Moses is depicted sitting on a throne-like bench with his left arm supporting the tablets of the law and his right hand resting on his beard. The statue’s facial features are powerful and convey a sense of anger and intensity, with furrowed eyebrows and a tightly pursed mouth.

One of the most striking features of the sculpture is the two horns emanating from Moses’ forehead. This detail has sparked much debate and discussion amongst scholars, with various interpretations emerging.

Interpretations and Symbolism

Some scholars believe that the horns are a symbol of Moses’ power, equating them to the horns of an animal, traditionally a symbol of strength and vigour. Others interpret the horns as representing the rays of light that emanate from Moses’ head as he descends from Mount Sinai after receiving the Ten Commandments.

This interpretation is based on a mistranslation of the Hebrew word for “rays of light” that historically could have been misinterpreted as “horns”. Another theory suggests that Michelangelo may have included the horns in response to Anti-Semitic accusations that the Jews were devil-worshippers.

By depicting Moses with horns, Michelangelo was perhaps offering a defence of the Jewish people’s beliefs and customs. Michelangelo’s Portrayal of Moses with Horns – Historical context and Interpretations

Michelangelo’s decision to include horns in his depiction of Moses was not unusual in Renaissance art.

The depiction of biblical figures with horns can be traced back to early Christian artwork, and it is believed that Michelangelo would have been familiar with this tradition. In Michelangelo’s time, there was renewed interest in the study of Greek and Roman classics, and there was a resurgence of Pagan themes within Christian art.

There was also a growing interest in the ancient Hebrew language and a desire to learn more about Jewish customs and beliefs. Michelangelo’s inclusion of the horns in his depiction of Moses may have been a nod to these intellectual movements.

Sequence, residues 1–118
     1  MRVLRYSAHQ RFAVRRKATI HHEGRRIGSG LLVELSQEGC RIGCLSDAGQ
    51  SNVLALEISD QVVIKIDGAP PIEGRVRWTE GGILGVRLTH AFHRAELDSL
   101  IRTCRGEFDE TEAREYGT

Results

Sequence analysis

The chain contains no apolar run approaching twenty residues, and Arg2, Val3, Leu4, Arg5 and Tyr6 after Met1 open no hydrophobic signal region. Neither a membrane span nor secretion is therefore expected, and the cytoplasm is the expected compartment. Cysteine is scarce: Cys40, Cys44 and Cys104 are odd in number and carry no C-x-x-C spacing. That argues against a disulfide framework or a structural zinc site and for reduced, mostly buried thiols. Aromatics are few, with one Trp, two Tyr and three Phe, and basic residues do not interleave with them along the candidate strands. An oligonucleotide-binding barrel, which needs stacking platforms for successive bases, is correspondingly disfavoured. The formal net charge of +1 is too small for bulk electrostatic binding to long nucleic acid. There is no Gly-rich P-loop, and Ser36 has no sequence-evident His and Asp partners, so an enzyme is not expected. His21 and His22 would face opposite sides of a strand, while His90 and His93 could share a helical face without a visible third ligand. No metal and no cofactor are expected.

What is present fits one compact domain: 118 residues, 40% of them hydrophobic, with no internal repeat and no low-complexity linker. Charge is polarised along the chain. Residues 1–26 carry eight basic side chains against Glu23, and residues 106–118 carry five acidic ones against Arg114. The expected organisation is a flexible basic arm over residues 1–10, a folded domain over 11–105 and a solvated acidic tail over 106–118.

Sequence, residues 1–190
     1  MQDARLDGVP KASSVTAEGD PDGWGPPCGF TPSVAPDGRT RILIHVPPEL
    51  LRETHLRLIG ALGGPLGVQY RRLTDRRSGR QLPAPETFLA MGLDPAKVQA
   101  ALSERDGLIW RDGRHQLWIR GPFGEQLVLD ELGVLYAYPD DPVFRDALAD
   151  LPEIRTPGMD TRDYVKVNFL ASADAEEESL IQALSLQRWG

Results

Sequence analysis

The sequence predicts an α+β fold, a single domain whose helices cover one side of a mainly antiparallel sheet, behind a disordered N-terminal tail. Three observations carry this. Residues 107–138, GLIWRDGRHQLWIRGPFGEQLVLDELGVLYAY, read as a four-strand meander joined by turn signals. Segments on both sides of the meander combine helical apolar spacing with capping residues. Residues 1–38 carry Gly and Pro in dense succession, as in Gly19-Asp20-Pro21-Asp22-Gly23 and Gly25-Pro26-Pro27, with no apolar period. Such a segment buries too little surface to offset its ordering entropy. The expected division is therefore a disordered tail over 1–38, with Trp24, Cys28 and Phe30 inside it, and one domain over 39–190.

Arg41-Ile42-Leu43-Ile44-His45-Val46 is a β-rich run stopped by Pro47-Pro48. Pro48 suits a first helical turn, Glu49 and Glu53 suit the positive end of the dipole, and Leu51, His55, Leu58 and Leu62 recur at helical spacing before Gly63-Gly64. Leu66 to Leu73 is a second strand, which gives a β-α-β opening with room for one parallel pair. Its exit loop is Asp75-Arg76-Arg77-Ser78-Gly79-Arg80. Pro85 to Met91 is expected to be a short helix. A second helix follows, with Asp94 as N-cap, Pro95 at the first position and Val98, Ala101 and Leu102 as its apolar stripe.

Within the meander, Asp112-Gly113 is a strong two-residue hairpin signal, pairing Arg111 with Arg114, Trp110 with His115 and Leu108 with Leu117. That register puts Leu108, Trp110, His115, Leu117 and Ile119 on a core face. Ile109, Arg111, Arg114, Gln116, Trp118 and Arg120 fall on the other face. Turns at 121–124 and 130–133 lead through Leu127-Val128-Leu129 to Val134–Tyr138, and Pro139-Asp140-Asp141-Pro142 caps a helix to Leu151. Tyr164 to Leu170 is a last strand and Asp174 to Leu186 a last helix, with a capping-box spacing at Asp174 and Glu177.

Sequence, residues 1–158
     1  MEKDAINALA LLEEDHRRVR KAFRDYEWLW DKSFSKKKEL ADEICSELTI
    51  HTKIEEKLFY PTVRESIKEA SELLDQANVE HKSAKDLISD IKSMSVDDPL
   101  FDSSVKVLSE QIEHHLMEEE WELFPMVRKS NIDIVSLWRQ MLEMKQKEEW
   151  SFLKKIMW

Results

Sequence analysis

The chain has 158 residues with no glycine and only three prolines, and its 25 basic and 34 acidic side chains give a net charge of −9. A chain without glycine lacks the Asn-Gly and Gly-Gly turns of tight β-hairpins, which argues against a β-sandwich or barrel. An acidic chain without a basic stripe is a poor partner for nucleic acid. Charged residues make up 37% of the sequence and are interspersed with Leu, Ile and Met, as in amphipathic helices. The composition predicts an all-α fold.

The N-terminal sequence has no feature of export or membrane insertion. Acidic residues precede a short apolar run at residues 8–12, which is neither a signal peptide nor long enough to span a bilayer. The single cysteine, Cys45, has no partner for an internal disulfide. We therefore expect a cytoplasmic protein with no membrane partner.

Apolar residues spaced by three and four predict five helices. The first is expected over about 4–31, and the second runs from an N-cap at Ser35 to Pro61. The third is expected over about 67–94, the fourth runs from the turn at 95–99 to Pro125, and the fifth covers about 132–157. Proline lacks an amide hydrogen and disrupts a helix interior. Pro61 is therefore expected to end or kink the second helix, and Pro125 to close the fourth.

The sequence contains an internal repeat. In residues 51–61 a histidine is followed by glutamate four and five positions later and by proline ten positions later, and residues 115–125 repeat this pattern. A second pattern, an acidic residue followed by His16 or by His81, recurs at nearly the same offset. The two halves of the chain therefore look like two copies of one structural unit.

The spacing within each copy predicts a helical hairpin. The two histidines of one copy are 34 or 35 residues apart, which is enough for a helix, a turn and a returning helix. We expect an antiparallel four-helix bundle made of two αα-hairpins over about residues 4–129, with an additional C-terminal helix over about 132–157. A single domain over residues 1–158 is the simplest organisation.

The Latin Vulgate interpretation and Translation Error

The inclusion of horns in Michelangelo’s statue of Moses is not present in the original Exodus text and is instead a result of a translation error. The original word used in the Hebrew text is “karan” which translates to “to shine” or “to emit rays of light.” However, as the Old Testament was translated into Latin, the word “karan” was translated to “cornuta”, a word in Latin that can mean “horned”.

This mistranslation began to appear in artwork from the medieval period and continued through to Michelangelo’s time. In summary, Michelangelo’s statue of Moses stands as an enduring masterpiece that continues to captivate art enthusiasts and scholars.

The sculpture’s intricate details, expressive features, and thought-provoking incorporation of horns have left an indelible mark on the world of Renaissance art. Whether the horns were intended to symbolise Moses’ power, the rays of light emanating from his head, or to offer a defence against anti-Semitic accusations, the artwork remains a captivating portrayal of a biblical hero.

In conclusion, Michelangelo’s statue of Moses is a remarkable work of Renaissance art that has captivated people for centuries. The sculpture’s intricate details, expressive features, and thought-provoking incorporation of horns have left an indelible mark on the world of art and symbolise the perceived power and strength of Moses.

The sculptures’ inaccuracies, mistranslations, and intentional symbolism all add depth to the work’s interpretation, making it a fascinating topic for art enthusiasts and scholars. Michelangelo’s representation provides insights into how people viewed artists and biblical history in the past and is a reminder of the power that art wields in shaping our perception of the world around us.

The statue inspires questions, debates, and theories that continue to fascinate people today.

Popular Posts